You might think that headline is hyperbole. It isn’t.
The new FIFA app, created by Monitise Create, is reviewed very favourably in the app store, with users unanimous in giving the app five stars.
I must say, I quite agree. The UX is basically flawless, and information is presented elegantly and simply. The imagery, the formatting, the type, the transitions, the icons; it’s all pretty.
It compares very favourably with (is better than) other ‘match centre’ apps such as Sky Sports, but offers lots of other content, too, notably news, World Cup content, FIFA rankings and interactive games.
With the app tipped to become the most popular sports app download, I thought I’d put it through its paces. Take a look at my review of one of the most beautifully designed apps I’ve used in ages.
Billions are spent by global brands on sports sponsorship. Olympic sponsors will have to learn the lessons from last year's World Cup and make the most of social media to get value out of their sponsorship deals.
Mobile is an exciting new format for many businesses, opening new opportunities for paid content and increased viewership. But are mobile sites and apps poaching viewers that might normally interact with a company's more robust web property?
According to a presentation from ESPN, mobile is instead opening an entirely new market for the company, and their findings can be useful for other verticals as well.
Spain has emerged as world champions and the excitement is over
for another four years. 32 teams battled it out in South Africa for
World Cup glory, but the game wasn’t just being played on the pitch; brands went head-to-head in a fiercely contested online marketing
From betting and beer to travel to TVs, who were the real
winners and losers?
Sponsorship is brilliant for many reasons; supporting a great cause or event, building awareness of your brand with a new audience and changing opinions of your brand through affiliation.
When it comes to something as big as the World Cup, the link between sponsors and the main event can appear tenuous until you’re introduced to the “concept” behind the relationship through brand messaging.
For example, Coca Cola’s desire for people to celebrate goals with a beverage or McDonald’s customers being compelled to avoid or discuss the games in its diners during the tournament.
However, communicating these concepts is no longer a mere media-buying activity. International brands now have their social media channels to help them along the way...
ITV's World Cup website has plenty of room for improving the user experience for visitors, with a score 20 points behind that of the four other sites in the study.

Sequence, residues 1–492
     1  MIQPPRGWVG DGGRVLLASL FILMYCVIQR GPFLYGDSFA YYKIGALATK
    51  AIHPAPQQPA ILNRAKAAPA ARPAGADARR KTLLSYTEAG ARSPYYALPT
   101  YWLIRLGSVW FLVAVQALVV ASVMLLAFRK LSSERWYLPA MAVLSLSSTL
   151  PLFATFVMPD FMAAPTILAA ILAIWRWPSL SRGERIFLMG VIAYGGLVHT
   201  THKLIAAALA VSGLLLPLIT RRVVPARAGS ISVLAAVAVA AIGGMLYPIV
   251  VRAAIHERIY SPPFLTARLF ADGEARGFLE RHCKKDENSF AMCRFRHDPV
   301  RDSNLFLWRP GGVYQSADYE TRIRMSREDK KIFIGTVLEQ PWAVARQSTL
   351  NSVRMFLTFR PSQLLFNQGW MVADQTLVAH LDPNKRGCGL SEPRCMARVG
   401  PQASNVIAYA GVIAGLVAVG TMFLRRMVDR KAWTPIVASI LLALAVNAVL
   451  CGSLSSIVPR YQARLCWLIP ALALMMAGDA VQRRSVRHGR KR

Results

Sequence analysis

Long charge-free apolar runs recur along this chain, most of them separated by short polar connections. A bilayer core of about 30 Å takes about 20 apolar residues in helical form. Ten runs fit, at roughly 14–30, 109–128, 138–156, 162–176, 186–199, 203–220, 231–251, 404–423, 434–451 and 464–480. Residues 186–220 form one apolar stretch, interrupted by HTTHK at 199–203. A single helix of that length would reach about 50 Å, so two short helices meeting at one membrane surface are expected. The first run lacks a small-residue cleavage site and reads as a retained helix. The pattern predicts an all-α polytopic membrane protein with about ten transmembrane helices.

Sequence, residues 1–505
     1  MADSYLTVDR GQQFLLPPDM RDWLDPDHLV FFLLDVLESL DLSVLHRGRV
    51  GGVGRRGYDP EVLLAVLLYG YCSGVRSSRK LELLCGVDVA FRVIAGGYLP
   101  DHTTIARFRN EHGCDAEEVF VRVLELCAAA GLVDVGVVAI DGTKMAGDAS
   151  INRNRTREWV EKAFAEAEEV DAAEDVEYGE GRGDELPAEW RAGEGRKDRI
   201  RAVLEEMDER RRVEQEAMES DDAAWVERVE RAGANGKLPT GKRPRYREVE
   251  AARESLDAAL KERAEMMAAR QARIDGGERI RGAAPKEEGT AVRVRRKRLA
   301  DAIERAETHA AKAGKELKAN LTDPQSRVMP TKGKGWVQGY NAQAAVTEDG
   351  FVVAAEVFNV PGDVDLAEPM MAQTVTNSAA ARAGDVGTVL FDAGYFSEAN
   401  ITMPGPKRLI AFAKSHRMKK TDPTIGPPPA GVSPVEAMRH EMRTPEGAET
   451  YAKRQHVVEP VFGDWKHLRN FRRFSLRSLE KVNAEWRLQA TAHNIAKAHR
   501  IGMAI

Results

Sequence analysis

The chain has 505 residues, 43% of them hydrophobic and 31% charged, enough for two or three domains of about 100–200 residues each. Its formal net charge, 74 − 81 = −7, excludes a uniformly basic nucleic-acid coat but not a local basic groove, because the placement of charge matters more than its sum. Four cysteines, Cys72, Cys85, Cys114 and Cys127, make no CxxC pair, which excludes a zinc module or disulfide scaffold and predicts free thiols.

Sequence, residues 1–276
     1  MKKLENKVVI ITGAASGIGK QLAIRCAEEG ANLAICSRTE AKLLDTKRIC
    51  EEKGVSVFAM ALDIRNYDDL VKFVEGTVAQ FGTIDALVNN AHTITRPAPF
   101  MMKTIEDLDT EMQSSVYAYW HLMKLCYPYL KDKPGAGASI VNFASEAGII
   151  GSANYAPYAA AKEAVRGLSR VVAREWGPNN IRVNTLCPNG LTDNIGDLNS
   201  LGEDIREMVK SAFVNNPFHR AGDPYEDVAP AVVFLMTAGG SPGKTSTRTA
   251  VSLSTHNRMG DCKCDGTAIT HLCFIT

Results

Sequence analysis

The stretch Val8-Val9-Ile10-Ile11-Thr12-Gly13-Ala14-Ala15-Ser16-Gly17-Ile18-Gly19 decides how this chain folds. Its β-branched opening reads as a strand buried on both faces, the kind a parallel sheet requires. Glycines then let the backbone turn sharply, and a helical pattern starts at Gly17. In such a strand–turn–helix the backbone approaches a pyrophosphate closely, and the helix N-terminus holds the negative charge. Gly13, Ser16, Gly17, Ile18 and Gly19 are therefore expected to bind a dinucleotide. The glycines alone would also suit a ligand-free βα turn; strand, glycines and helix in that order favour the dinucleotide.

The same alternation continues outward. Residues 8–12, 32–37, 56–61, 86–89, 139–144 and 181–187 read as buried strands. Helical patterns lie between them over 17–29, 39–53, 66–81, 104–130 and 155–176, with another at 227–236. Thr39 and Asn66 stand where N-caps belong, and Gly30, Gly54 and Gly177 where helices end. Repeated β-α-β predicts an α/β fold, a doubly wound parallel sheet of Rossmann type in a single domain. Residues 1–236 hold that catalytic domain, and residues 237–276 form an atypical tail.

Webcredible's World Cup usability study found the FIFA website was the most usable, while the BBC, Sky and Eurosport were joint second.
Traffic figures for English websites are dropping during the country's World Cup fixtures, as fans abandon the internet in favour of their TVs.
According to stats from Adtech, traffic drops by 20% during England fixtures, while for other teams, traffic drops are less significant. This trend is expected to continue around today's game, and to intensify if they manage to get through to the knockout stages.
With the World Cup well underway, more and more people are choosing to watch online, with both ITV and BBC showing live coverage of each match on their websites.
I've been attempting to watch a few matches on both websites, and the BBC is the clear winner so far...
Is the age of expensive brand sponsorship coming to an end? The World Cup starts today and the brands getting the most brandlift from the events are not the ones who signed expensive sponsorship contracts.
It's Pepsi and Nike who have achieved the most World Cup buzz so far. But Adidas and Coke are the ones forking over for sponsorships. In today's world of the digital brand ambush, it's getting harder to make the case for official sponsorships.
Online marketing and world class football
have a lot in common, really. No, I don’t mean that it’s mostly done by men or
that we all drink too much beer. I mean that a well-planned marketing campaign
has a lot in common with a tactically-minded football team.
I’ll admit this may be a tenuous way to illustrate how a good marketing campaign works but, thanks to World Cup fever, football metaphors are everywhere, so here is mine.